As with White tails, be in position well before light and all the way until after sun down at night. The most productive intervals may be the twilight in the morning and the twilight in the evening. Many people rest at mid-day on the assumption the elk are napping. On the other hand, I have read some people say you can hunt effectively during the middle of the day.

If you don't know where the elk are, many people recommend starting out on a high place looking for elk using good binoculars or spotting scopes. Look for elk in openings. Ridges are good places to look for elk. People say elk start out mornings low and climb high, bed high, and return low at night. Elk are supposed to be more easily hunted from above than from below.
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Old 09-20-2011, 09:56 PM
Fork Horn
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Join Date: Feb 2007
Location: southeast missouri
Posts: 191

Right on Alsatian. I'm sure their are many more experienced elk hunters than me. I agree and have witnessed elk heading up hill in the morning and vis-a-versa in the evening. Also I read that putting pepper on meat to keep flies off while skinning and I can tell you it does work. I used it to keep flies at bay while I was skinning an elk waiting for my son-in-law to come back with our frame packs.
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Old 09-22-2011, 06:31 AM
Thread Starter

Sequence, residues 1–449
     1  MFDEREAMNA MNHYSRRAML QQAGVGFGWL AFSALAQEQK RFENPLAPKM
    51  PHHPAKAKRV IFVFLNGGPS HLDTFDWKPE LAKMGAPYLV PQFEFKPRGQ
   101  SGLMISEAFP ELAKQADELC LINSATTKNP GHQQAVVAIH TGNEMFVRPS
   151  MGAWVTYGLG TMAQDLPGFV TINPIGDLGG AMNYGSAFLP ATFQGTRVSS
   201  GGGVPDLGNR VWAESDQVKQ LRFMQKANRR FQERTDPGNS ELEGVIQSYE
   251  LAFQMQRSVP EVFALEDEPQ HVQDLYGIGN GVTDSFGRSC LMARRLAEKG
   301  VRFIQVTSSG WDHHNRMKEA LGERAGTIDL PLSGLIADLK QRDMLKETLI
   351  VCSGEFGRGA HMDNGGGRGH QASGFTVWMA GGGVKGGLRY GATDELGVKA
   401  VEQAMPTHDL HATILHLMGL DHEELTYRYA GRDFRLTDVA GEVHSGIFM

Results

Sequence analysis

Join Date: Aug 2011
Location: St. Louis, Mo
Posts: 4

Great info everyone. I really appreciate your help. I run triathlons, adventure races and have hiked in the mountains on several occaisions, so while I'm trying to work more leg strenghtening exercises into my workouts, I haven't changed it a lot. I'm confident with my conditioning and navigation in the woods.
There will actually be three of us, so our intent was to quarter the elk (if we are so lucky) and then pack it out. But it's good that I won't have to do it ourselves. The one thing I've learned from whitetail is that scent is crucial and I've heard that helps with elk, as well as plan on being out all day. I appreciate the confirmation of those.
As I've said, I've done a lot of shooting at long range and so I'm very confident up to 400 yards. If I have the time and the steady support I think I could take up to 600 yards without much trouble.
Thanks again for all the input and good luck to everyone. I'll let you know how it goes!
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Old 09-22-2011, 09:56 AM
Giant Nontypical
Join Date: Jul 2004
Posts: 6,174

Also . . . I forgot to mention in my earlier post DON'T FORGET THE TENDERLOINS!!!! These are the best piece of meat on the Elk, and Elk tenderloins are considerable in size. These are on the inside of the rib cage, on either side of the axis of the spine. They are the interior reflection of the backstrap. One Elk tenderloin is a meal for a family of four. There are two tenderloins.

Further, you may wish to extract the prominent canine teeth of your Elk, so take a pair of pliers to pull these out. You will need to cut into the gums to free these. They make attractive jewelry.